African Parks announced today that their park rangers in Garamba National Park in DRC had an armed encounter with a Lords' Resistance Army group on Saturday 18th May after being deployed to investigate a poached elephant that had been sighted in the park.
During the ensuing exchange, the park rangers injured one of the LRA combatants as well as two young women in the LRA group, who died later in the Nagero Hospital of their wounds.
The 24-year-old LRA combatant, of Ugandan origin, was taken to hospital and handed over to MONUSCO, the UN operation in DRC. He was part of an LRA group that has attacked residents around the park border village of Faradje in recent months.
The park rangers reported that there were 16 people in the LRA group they encountered - eight LRA combatants and eight women and children. It is tragic that women and children are forced to accompany LRA combatants in the field and African Parks regret the death of the two young women caught in the crossfire. They had been abducted by the LRA one and two years prior to the incident.
Last week's encounter comes at a time of growing concern over the increase in LRA activity in and around Garamba. According to the online LRA Crisis Tracker (www.lracrisistracker.com), there have been 45 LRA incidents in and around the park this year, the highest level of LRA activity in central Africa.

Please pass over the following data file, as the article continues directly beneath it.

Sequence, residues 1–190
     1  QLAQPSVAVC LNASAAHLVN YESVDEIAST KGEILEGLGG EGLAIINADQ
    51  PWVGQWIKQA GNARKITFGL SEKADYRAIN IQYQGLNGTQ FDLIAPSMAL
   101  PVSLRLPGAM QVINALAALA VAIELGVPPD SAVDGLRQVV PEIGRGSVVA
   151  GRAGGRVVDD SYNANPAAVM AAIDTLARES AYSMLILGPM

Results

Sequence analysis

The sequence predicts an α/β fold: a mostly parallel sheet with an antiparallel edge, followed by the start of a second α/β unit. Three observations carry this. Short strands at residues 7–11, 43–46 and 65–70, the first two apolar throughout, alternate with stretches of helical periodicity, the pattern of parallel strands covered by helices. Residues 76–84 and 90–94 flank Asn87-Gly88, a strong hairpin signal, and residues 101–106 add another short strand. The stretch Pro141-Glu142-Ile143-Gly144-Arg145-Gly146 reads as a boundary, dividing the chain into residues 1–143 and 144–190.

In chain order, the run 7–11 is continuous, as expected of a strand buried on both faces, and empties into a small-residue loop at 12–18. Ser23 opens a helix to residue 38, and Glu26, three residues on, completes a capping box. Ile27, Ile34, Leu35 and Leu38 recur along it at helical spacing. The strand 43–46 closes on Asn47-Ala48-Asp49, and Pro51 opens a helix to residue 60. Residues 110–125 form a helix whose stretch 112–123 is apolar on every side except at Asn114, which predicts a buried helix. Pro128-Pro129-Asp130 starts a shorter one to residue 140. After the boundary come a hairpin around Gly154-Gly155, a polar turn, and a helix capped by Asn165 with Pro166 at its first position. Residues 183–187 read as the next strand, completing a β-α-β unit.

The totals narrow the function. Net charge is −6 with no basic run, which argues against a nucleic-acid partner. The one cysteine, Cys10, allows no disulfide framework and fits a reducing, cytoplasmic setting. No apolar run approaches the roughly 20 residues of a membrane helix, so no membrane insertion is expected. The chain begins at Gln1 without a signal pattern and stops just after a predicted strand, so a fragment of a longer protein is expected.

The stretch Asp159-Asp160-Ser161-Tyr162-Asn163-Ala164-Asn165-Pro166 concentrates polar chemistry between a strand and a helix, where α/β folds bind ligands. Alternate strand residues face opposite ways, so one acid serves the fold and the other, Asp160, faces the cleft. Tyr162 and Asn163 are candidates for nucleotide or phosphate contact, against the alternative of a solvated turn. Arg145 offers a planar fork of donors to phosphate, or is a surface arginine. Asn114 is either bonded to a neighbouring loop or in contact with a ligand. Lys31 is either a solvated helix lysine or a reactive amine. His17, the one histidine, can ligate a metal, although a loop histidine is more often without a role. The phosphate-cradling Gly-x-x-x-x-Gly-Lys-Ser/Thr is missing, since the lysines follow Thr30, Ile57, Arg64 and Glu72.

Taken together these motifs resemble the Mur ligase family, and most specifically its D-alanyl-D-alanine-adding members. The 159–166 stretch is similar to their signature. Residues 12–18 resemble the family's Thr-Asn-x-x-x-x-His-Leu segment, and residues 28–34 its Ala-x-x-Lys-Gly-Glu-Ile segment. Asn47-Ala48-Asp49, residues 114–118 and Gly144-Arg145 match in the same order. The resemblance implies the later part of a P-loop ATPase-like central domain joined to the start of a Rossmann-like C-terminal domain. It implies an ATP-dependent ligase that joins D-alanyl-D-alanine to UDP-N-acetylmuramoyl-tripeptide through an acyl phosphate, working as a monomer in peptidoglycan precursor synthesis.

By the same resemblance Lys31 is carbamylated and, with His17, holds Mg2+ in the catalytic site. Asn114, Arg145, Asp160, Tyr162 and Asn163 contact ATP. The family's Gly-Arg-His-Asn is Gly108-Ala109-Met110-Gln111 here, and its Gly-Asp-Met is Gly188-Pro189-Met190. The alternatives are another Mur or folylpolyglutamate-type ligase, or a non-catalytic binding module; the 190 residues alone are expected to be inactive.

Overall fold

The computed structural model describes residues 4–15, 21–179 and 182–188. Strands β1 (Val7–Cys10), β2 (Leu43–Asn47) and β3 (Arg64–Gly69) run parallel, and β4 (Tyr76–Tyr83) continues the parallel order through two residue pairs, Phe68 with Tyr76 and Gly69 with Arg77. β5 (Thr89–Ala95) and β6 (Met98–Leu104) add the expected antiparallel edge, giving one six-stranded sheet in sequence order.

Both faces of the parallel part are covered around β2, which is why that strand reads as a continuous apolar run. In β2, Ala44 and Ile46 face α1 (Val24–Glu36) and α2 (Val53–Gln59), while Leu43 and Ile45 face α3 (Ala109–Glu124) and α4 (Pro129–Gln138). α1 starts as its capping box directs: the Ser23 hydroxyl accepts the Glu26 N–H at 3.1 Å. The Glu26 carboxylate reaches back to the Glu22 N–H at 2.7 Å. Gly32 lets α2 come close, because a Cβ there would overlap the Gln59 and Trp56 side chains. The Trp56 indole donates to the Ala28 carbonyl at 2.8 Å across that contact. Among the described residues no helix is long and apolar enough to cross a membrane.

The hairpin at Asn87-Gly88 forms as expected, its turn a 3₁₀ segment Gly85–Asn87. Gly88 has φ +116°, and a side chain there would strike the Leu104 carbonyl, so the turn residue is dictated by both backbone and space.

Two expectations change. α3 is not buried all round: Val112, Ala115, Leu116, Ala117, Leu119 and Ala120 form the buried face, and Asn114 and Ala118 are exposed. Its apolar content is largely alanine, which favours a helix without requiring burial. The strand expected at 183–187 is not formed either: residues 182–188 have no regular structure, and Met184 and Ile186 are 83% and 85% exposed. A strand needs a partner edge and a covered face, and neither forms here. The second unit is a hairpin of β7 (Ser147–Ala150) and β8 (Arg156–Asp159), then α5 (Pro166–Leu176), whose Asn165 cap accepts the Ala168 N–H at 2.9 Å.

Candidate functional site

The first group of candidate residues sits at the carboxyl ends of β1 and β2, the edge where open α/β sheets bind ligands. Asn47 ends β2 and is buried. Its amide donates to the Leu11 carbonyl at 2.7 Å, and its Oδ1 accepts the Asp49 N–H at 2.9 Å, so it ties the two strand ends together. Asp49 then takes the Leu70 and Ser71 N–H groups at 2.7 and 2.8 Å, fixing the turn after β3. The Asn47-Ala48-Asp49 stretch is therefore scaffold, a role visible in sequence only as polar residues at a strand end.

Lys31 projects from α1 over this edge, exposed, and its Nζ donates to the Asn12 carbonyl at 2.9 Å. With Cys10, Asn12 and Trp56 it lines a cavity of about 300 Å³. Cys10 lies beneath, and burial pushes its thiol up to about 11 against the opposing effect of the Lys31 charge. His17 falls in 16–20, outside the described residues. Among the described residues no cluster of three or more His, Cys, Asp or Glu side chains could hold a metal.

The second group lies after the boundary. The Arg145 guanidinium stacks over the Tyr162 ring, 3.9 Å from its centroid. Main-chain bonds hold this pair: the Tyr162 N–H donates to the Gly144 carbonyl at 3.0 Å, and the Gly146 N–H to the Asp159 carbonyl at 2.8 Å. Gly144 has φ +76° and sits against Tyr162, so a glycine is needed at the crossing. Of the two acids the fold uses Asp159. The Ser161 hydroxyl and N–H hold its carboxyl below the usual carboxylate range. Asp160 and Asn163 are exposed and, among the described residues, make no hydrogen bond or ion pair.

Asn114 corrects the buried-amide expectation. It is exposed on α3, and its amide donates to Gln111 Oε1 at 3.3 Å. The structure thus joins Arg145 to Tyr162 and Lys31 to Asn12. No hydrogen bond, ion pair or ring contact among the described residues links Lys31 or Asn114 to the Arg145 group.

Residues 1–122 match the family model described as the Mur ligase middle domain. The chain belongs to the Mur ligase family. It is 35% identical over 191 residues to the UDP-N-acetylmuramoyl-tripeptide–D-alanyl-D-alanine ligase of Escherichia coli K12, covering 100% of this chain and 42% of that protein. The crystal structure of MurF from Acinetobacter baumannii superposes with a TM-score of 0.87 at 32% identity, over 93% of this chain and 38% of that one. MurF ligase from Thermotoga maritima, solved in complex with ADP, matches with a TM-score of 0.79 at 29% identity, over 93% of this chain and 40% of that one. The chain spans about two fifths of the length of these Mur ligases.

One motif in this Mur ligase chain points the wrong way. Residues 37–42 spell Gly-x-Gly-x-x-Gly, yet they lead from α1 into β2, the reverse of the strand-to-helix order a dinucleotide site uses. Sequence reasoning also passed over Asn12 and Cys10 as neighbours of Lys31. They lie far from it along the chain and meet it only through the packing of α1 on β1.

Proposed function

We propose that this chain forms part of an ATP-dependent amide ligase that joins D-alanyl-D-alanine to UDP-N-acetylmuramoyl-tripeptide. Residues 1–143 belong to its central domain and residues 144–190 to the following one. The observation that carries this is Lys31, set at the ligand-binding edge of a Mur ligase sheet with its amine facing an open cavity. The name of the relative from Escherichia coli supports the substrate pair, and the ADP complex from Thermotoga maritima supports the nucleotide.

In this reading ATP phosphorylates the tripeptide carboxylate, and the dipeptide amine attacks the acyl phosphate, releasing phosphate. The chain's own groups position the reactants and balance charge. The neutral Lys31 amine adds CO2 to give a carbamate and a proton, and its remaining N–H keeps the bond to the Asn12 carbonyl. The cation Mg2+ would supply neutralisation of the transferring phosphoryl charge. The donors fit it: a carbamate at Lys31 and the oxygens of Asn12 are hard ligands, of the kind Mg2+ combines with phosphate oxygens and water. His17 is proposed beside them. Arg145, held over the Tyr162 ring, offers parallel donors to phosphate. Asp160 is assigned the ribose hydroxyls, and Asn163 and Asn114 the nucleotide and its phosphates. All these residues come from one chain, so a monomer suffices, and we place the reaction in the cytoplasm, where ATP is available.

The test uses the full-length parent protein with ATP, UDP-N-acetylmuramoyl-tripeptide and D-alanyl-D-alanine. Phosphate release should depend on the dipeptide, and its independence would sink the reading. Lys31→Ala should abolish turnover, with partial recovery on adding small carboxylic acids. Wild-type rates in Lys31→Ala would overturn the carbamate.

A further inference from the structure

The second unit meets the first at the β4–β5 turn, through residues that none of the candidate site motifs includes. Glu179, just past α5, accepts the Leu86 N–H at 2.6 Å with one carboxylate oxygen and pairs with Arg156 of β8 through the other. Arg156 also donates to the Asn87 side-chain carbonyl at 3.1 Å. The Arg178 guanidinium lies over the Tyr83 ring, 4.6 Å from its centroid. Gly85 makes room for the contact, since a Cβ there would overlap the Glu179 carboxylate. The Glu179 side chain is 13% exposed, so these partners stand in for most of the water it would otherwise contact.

This LRA presence not only puts the lives of the rangers in Garamba at risk, but threatens the lives and livelihoods of people around the park, making normal life untenable. The activities of the LRA appear to be increasingly funded by elephant poaching and the trading of ivory.
Obviously African Parks cannot bear the responsibility of combating the LRA alone, even within the boundaries of the national park. They call on the international community to intensify their efforts to rout out the LRA and capture their leader Joseph Kony. In the meanwhile African Parks will continue to do all in their power to combat the threats to the wildlife and people in and around Garamba.